The City Council is planning a March vote on Mandatory Housing Affordability upzoning hoped to further stem the tide of Seattle’s expensive rents and impossible house payments.
The council’s MHA committee meeting met for the first time in 2019 Monday to begin the process of sorting out amendments to the proposal before a February 25th public hearing on the plan and the March 18th vote hoped to bring the multi-year process to fruition.
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Under the MHA framework, affordability requirements chained to the proposed upzoning vary by scale and developers can choose to pay fees instead of including rent-restricted units. The legislation was expected to result in $380M in revenue from the payment option and 1,325 units over 20 years, according to city planners. That $380 million could build another 4,300 affordable units, according to the city’s analysis.
In November, the city’s Hearing Examiner ruled against a coalition of neighborhood groups calling for further review of the program clearing the way for the legislative process started in 2014 to finally continue.
CHS reported previously on the planned changes that would come to Capitol Hill zoning and the neighborhood’s relatively strong support for the plan — especially in comparison to some of the backlash that has emerged in other parts of the city. The proposed zoning changes for Capitol Hill and the Central District include transitioning Broadway from around Cal Anderson Park all the way north to Roy to 75-foot height limits and “neighborhood commercial” zoning that would allow seven-story buildings with commercial use throughout. Some of the bigger changes would also come around Meany Middle School and the Miller Community Center.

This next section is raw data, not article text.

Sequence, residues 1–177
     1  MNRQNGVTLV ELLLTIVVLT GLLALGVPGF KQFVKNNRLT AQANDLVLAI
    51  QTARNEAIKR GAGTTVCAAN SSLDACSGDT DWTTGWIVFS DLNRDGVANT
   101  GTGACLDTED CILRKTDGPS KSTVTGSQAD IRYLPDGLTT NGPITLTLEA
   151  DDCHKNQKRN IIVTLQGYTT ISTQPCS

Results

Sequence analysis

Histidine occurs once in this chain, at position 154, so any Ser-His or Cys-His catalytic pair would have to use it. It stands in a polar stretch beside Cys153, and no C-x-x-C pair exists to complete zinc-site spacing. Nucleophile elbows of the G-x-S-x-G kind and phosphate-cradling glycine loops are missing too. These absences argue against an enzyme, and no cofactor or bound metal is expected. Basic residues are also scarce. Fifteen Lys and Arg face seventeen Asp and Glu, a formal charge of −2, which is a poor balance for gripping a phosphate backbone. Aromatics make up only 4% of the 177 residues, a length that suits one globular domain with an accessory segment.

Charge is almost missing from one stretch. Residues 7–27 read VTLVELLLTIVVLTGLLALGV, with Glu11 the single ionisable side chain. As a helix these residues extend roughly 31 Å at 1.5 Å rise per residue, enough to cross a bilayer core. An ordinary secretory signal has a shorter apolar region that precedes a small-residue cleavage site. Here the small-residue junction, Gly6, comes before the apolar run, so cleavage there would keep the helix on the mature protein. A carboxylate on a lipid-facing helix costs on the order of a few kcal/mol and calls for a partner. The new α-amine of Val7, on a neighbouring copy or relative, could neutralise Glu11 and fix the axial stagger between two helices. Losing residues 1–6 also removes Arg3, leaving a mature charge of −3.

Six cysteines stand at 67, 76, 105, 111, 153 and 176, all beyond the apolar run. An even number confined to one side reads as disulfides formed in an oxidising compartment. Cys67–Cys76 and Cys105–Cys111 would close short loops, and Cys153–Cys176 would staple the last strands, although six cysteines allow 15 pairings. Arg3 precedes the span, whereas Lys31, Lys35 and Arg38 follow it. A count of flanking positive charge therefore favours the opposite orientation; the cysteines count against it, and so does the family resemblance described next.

In the Central District, most proposed changes are focused on the area around Madison and 23rd with smaller areas around 23rd and Union and 23rd and Jackson where surgical upzoning has already been approved.
One big area of change to be considered will be “payment and performance amounts.” “In the legislation that was introduced in January 2018,” the memo notes, “no adjustments for inflation or other modifications, such as changes based on more current market rents and capitalization rates, were made.” The council may want to consider “adjustments to the payment amounts,” the entry concludes.
The other “Potential Areas for Amendments” the committee will be considering are listed in the council document below. They include proposed changes for how MHA could interact with Pike/Pine preservation incentive — an element of the plan CHS reported on here last year. The memo notes that “Councilmembers have received several requests for parcel-specific or area-wide adjustments to the proposed zoning changes” and will be tackling those requests later this month.